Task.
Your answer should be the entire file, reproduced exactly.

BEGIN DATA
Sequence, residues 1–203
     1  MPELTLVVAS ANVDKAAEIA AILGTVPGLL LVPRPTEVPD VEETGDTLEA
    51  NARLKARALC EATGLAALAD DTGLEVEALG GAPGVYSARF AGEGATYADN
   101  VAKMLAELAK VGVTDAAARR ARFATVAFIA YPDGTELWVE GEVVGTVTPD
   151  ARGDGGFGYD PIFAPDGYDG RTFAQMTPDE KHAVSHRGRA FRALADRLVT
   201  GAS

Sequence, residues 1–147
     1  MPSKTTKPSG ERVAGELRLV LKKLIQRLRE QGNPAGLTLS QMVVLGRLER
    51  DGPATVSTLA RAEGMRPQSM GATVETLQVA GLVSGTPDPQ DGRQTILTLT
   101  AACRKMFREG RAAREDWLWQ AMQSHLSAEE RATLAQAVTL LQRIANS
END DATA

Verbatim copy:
Sequence, residues 1–203
     1  MPELTLVVAS ANVDKAAEIA AILGTVPGLL LVPRPTEVPD VEETGDTLEA
    51  NARLKARALC EATGLAALAD DTGLEVEALG GAPGVYSARF AGEGATYADN
   101  VAKMLAELAK VGVTDAAARR ARFATVAFIA YPDGTELWVE GEVVGTVTPD
   151  ARGDGGFGYD PIFAPDGYDG RTFAQMTPDE KHAVSHRGRA FRALADRLVT
   201  GAS

Sequence, residues 1–147
     1  MPSKTTKPSG ERVAGELRLV LKKLIQRLRE QGNPAGLTLS QMVVLGRLER
    51  DGPATVSTLA RAEGMRPQSM GATVETLQVA GLVSGTPDPQ DGRQTILTLT
   101  AACRKMFREG RAAREDWLWQ AMQSHLSAEE RATLAQAVTL LQRIANS